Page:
Ways of the millennials

Tripping on travel: Wanderlust has become a must for India's millennials. However, the reasons for their globetrotting come with depth

Travel has a liberating effect, enabling people to break away from all shackles and explore their free spirit.

One of the oldest advices children have received from their parents is, “Save for a rainy day.” Many of today’s youngsters have taken the suggestion seriously, not to insulate the future, but to feed their wanderlust. The younger generation has increasingly begun to dip into their savings to explore the world, often taking a career break, to get a new perspective into life.

Eckhart Tolle, author of the bestseller The Power of Now, should be a happy man that the youth nowadays are investing in the present, while the older generation is usually lost in the past and the future. As much of the pain is caused by people’s insistence to control their lives, the author suggests letting go of worries about the future by enjoying the present moment. And that is what the youngsters are doing today.

Mallika Arya of Delhi was only 23 when she decided to take a gap year, even before she had a proper job. Mallika always loved the outdoors, but was virtually grounded for two years when she enrolled for a rigorous teaching fellowship that took away all her time. “When the fellowship ended, I was burned out and I decided to take the year off and enjoy life. This was definitely not common for people of my age who were busy trying to settle down, but my parents were supportive and allowed me to pursue my passion.”

With her savings of two years, Mallika first set out to Himachal Pradesh where she spent six weeks in a small village near Manali, staying in the house of a local resident and teaching at a government school. “This was a very humbling experience that allowed me to meet some extraordinary people,” she says.

She then backpacked across South India where she stayed in accommodation costing Rs 50 to a maximum of Rs 1,000. “I mostly visited small towns where I knew nobody. I made no plans, no reservations, no bookings. I would decide on the town just a day earlier and take a train or bus the next day. Sometimes, I made new friends and we even travelled together. I found the South very safe as compared to the North.”

After a hiatus, Mallika once again hit the road, spending a few months in the United Kingdom, the United States, Argentina and Antarctica.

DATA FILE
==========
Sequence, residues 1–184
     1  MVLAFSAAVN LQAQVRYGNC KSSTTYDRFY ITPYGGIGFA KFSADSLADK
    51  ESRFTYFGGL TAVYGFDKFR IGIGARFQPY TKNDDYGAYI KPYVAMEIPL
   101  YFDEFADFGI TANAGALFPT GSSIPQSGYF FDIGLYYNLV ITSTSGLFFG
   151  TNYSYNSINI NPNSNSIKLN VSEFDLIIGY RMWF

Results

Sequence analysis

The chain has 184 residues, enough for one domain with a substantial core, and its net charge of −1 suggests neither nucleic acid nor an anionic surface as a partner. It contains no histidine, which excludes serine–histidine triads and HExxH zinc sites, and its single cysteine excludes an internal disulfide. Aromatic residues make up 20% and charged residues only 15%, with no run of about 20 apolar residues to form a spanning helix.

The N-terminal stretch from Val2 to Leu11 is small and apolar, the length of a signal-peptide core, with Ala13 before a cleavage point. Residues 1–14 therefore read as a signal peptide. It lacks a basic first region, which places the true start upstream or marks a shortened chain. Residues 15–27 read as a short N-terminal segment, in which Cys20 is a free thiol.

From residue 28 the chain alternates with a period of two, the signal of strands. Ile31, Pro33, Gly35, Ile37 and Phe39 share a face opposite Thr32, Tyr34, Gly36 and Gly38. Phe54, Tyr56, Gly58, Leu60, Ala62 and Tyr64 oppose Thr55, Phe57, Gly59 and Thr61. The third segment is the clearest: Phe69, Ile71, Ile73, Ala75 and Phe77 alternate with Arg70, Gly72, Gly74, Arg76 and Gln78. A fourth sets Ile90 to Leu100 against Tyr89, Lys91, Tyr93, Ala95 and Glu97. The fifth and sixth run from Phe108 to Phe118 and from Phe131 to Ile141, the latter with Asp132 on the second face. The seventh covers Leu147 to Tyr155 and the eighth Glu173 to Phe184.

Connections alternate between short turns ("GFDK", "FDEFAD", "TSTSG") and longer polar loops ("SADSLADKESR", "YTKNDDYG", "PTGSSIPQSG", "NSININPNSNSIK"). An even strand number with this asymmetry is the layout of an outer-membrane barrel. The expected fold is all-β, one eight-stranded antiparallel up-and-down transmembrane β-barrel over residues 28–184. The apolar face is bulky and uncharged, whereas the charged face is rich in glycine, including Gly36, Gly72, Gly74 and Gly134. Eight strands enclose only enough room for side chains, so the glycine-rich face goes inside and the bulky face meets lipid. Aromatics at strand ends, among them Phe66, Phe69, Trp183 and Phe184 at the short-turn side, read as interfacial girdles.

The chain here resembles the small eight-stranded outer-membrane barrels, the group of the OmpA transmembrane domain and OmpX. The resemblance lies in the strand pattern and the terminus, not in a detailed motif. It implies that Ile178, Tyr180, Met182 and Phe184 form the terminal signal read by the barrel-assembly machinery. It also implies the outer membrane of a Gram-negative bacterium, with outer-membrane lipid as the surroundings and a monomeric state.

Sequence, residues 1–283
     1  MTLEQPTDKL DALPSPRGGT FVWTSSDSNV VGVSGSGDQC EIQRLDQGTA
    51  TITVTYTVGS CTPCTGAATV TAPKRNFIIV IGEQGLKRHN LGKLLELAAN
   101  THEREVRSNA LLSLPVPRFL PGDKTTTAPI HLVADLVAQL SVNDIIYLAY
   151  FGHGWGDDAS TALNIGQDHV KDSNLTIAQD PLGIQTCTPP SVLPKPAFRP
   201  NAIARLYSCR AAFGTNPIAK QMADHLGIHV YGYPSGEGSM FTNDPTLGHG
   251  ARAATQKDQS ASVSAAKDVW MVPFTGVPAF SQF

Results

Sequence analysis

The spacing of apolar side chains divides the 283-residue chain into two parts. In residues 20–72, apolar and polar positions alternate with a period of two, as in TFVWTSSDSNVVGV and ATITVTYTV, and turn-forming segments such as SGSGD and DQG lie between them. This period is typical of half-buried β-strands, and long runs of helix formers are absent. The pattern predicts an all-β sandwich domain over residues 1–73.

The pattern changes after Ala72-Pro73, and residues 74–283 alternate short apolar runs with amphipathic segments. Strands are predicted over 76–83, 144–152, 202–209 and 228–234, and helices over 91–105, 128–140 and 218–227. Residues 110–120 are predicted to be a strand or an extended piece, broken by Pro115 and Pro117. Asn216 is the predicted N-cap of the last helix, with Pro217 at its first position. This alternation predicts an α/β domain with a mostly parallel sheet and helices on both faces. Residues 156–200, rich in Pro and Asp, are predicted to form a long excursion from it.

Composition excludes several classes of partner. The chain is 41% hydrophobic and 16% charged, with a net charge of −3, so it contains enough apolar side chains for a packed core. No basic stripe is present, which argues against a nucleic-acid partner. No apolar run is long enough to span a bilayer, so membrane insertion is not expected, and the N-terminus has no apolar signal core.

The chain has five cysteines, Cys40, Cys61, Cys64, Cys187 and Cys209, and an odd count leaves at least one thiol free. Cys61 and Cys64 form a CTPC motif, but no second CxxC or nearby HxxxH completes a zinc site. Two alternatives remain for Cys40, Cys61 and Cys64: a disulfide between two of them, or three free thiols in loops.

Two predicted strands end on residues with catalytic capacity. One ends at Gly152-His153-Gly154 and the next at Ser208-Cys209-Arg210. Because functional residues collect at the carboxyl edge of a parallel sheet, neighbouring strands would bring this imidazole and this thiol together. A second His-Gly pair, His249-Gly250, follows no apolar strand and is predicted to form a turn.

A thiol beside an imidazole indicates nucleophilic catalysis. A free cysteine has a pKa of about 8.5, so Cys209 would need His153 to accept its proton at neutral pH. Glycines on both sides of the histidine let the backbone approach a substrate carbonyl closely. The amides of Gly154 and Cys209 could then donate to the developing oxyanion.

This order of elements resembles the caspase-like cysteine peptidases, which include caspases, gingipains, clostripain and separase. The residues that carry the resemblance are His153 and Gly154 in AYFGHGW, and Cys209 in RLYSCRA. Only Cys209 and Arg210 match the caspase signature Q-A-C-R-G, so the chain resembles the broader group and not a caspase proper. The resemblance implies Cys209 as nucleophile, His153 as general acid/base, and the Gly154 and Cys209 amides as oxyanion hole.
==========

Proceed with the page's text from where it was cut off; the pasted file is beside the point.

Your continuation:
This time, she tried something unique to fund her travel — crowdsourcing. “I ran an online campaign and managed to raise most of the money for the Antarctica trip through crowdsourcing. When people know you are motivated and sincere about your goals, they do not hesitate to be a part of your mission.”

Antarctica brought to life the environmentalist in her. “It was mind-blowing to see such natural beauty. My resolve to protect and save this planet only became stronger after I visited the last great wilderness.”

Now, having completed her masters in sustainability in Australia, Mallika is in the process of applying for jobs. “The gap year helped me slow down, experience and understand life. It has also taught me that once I take up a job, it is important to make a conscious effort to maintain a work-life balance,” she adds.

Burnout. That is the keyword in most cases. When monotony and insipidness set in, youngsters do not hang on till the tide changes, but break free from what is holding them down and return refreshed to face new challenges.

At 32 years, Kishore Acharya, an entrepreneur and media professional, was at the cusp of a promising career, when he decided to hang his boots. “I wanted to pause, reflect and decide on what I wanted to do next in my life in general, and career in particular. I had reached the point of exhaustion at work.”

Before he knew it, Kishore was on a 52-day backpacking trip with his wife Pooja and a few friends, across Assam, Meghalaya, Nagaland and Arunachal Pradesh.

Kishore did have some initial apprehensions about quitting a well-paying job at a crucial stage in life, but he implicitly believed that the universe would have something better in store for him. “Away from the repetitiousness of a daily routine, travel gave me the mind space to get in touch with my other passions and view life from a fresh standpoint. Meeting people from diverse cultures, exploring varied cuisines, experiencing completely different climatic conditions expanded my understanding of the self. When I returned, I was a new person, ready to take on life.”

Shout-out to universe

Kishore had rightly trusted the universe. The travel broadened his horizons and inspired his entrepreneurial venture in the food sector, which soon attracted angel investors putting it on a strong foundation. “Had I not taken a break, I would still be stuck in a dreary job, cursing every moment. But now, I walk with a spring in my feet and look forward to each day,” he notes.

Like Kishore, 25-year-old Sahana Ashok Nayak too did not have any apprehensions about her future when she decided to put in her papers and take the less trodden path. “I am not worried about what lies ahead. I am sure that with my international experience I can build a strong career,” she asserts.

The urge to travel was ignited in her at the age of 13, when she immigrated from Karnataka to the US with her single mother. “Moving from one country to another left me with a thirst for travel and the freedom to discover all that this world has to offer.”